The original post
Chris McAvoy from the foodie blog Tastebud sent me an email letting me know that he’s posted up a follow-up entry to his entry on how to cook steak. This one covers the care and feeding of a cast-iron skillet. You should get your paws on one of these old-school cooking implements if you haven’t got one.
Years have passed since this article was posted, and my friend Justin said this in the comments:
Dammit! Came back here to find this article, and it’s gone due to linkrot. I thought the Internet was forever – or maybe that’s just the bad stuff.
I’m not going to let someone else’s linkrot get in the way. I made a trip down Memory Lane courtesy of the Wayback Machine and found the article. I’ve posted the text here because I think Chris, the original author, won’t mind. Here you go, Justin, and all you other cast-iron cookery enthusiasts — this one’s for you!
So here it is, now that you’ve got a big hunk of iron in your kitchen, how do you take care of it?
The first thing you’ll need to do is season the skillet. Lots of cast iron skillets come “pre-seasoned”. Don’t believe them. Sure, they’re sort of seasoned, but there’s still work to be done. Take a big hunk of shortening and smear it over every inch of the cooking area of the pan. Put it in a very hot oven for a while. The fat will melt (and smoke a little bit). As the pan heats up, teeny tiny pores in the metal will open up and suck up the melted fat. When the pan cools, the pores close up, retaining the fat. The next time you heat the skillet up (like when you’re cooking) the fat is released a little bit at a time, creating a non-stick surface.
After about twenty minutes or so at 400 degrees, take the skillet out and let it cool. When it’s cool enough, clean it out with paper towels. Don’t use any water. No water? Yeah, kind of freaky, stand by.
Modern America is so wrapped up in aluminum and stainless steel that we forget that iron rusts. It totally rusts. Your skillet may very well rust. Mine is a little rusty on the bottom. It’s going to happen, so just get it in your head now. The only area of the skillet that you absolutely can’t have rust on is the cooking area. We all know that water makes rust, and that water cleans skillets, so how do you clean the skillet without water? Here comes the exciting part…SALT. You pour some kosher salt in it and scrub with paper towels.
Whoah. No soap? Somewhere, your Mom is clucking her tongue. She wants you to use soap. So does your Grandma. You know who doesn’t? Your GREAT Grandma. She’s not so wrapped up in purell and anti-bacteria hoo hah that she understands that you don’t need to use soap and water to get an iron skillet clean. We like our pan to be greasy. It’s a good thing. You’re going to get that thing so hot when you cook that it’ll kill all bacteria. Go to Billy Goat’s or one of the dozens of Chicago taco joints and ask them how they clean their giant griddles. I guarantee you they don’t use soap and water. I’d be willing to bet they don’t even use water. They just scrape off the crusty’s and keep it really hot. Your cast iron skillet is the next door neighbor to one of those big iron griddles. Trust Billy Goat’s.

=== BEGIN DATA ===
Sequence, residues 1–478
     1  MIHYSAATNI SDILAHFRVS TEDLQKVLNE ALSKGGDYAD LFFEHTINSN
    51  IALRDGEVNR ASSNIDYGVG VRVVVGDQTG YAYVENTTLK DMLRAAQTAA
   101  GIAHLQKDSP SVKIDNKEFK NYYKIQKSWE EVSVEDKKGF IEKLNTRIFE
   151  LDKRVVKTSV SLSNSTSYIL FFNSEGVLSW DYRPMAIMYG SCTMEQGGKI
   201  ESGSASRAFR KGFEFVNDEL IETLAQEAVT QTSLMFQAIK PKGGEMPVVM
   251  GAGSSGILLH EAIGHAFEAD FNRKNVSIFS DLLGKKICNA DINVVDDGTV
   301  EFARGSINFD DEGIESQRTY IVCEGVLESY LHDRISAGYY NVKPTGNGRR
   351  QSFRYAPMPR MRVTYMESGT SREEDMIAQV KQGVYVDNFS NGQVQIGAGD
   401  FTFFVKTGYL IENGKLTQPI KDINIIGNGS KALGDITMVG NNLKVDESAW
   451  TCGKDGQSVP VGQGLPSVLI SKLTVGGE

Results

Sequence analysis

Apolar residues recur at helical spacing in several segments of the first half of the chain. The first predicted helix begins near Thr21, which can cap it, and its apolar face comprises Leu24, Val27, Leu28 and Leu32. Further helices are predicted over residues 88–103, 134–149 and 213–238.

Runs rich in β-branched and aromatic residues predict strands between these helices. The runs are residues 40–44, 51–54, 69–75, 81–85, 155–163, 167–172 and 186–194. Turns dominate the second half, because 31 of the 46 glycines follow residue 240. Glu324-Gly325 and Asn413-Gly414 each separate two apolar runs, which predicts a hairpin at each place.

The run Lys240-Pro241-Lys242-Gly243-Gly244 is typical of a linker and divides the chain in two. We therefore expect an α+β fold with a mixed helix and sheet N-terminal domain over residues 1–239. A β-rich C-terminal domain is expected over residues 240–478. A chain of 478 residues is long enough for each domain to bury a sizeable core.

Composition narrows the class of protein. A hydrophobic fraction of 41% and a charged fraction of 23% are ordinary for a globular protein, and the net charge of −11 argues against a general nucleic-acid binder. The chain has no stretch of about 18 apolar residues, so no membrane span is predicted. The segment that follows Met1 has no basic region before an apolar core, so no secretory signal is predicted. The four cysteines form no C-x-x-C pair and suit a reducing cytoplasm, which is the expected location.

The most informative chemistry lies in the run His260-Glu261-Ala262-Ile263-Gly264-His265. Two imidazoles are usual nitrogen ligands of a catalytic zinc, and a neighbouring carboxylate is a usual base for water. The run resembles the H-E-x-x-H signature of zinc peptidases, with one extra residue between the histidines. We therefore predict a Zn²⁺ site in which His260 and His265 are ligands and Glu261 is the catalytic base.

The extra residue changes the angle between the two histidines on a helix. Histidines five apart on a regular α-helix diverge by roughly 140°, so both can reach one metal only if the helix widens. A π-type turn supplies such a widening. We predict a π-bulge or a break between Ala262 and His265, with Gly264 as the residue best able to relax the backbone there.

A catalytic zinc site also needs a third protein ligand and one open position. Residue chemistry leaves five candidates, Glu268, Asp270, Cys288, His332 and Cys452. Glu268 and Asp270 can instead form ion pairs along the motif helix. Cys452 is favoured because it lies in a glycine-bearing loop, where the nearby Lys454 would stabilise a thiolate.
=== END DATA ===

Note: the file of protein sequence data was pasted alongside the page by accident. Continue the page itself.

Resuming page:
When possible, just wipe it clean with paper towels. If you get some stuck on crap, scrub it off with some dry kosher salt. I’ve been doing this for over a year now. I cook eggs, bacon, sausage, corn bread, pancakes, steak, all kinds of stuff in this skillet and I’ve never gotten sick. Water has never been used to clean it, ever. It works, and it keeps a nice seasoned cooking surface.
What not to Cook
Technically, you can cook just about anything in your skillet. It’s a straight up fry pan. However, for the first couple of weeks avoid acidic stuff, like tomatoes. They’ll eat through your weak seasoning and get at the iron. Hold off on that kind of stuff until you have a really solid seasoning.
Get to it
Cast iron is more of a committment than a regular frying pan. Once you learn to season and clean it, you’re done. Don’t worry too much about it. Seasoning is a lifelong journey of fidgeting with your iron. You’ll start to covet your skillet. You’ll show it off to friends. You’ll brag about never using soap and water to clean it. Cast iron, in my humble opinion, is the winter equivalent of a Weber grill. Both need some TLC from time to time, both have little cooking cults that adore them, and both are totally misunderstood by an average consumer. Quit being an average consumer, start taking care of a piece of cooking history. Your Great Grandmother would be proud.